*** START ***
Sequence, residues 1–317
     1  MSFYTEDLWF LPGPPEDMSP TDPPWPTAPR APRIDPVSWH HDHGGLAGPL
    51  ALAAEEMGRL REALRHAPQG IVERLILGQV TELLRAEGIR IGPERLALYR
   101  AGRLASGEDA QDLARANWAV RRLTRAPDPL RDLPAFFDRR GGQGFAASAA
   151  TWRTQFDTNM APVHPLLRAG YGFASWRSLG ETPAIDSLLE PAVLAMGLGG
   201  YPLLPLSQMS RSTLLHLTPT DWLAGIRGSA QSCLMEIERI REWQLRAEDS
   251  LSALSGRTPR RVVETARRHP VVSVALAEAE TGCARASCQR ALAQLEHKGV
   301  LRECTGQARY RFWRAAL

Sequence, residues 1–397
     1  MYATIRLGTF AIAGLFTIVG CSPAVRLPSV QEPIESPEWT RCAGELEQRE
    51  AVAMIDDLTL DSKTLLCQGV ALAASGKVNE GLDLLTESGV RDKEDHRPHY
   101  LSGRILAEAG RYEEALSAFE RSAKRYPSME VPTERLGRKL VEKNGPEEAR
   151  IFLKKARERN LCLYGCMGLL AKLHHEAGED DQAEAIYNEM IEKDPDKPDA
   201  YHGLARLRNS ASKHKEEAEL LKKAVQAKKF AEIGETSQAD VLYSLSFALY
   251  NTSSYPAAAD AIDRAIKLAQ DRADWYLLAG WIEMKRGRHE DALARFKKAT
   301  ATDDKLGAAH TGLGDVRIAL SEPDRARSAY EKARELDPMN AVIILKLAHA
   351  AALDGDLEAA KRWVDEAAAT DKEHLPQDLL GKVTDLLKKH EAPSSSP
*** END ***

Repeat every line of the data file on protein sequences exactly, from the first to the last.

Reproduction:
Sequence, residues 1–317
     1  MSFYTEDLWF LPGPPEDMSP TDPPWPTAPR APRIDPVSWH HDHGGLAGPL
    51  ALAAEEMGRL REALRHAPQG IVERLILGQV TELLRAEGIR IGPERLALYR
   101  AGRLASGEDA QDLARANWAV RRLTRAPDPL RDLPAFFDRR GGQGFAASAA
   151  TWRTQFDTNM APVHPLLRAG YGFASWRSLG ETPAIDSLLE PAVLAMGLGG
   201  YPLLPLSQMS RSTLLHLTPT DWLAGIRGSA QSCLMEIERI REWQLRAEDS
   251  LSALSGRTPR RVVETARRHP VVSVALAEAE TGCARASCQR ALAQLEHKGV
   301  LRECTGQARY RFWRAAL

Sequence, residues 1–397
     1  MYATIRLGTF AIAGLFTIVG CSPAVRLPSV QEPIESPEWT RCAGELEQRE
    51  AVAMIDDLTL DSKTLLCQGV ALAASGKVNE GLDLLTESGV RDKEDHRPHY
   101  LSGRILAEAG RYEEALSAFE RSAKRYPSME VPTERLGRKL VEKNGPEEAR
   151  IFLKKARERN LCLYGCMGLL AKLHHEAGED DQAEAIYNEM IEKDPDKPDA
   201  YHGLARLRNS ASKHKEEAEL LKKAVQAKKF AEIGETSQAD VLYSLSFALY
   251  NTSSYPAAAD AIDRAIKLAQ DRADWYLLAG WIEMKRGRHE DALARFKKAT
   301  ATDDKLGAAH TGLGDVRIAL SEPDRARSAY EKARELDPMN AVIILKLAHA
   351  AALDGDLEAA KRWVDEAAAT DKEHLPQDLL GKVTDLLKKH EAPSSSP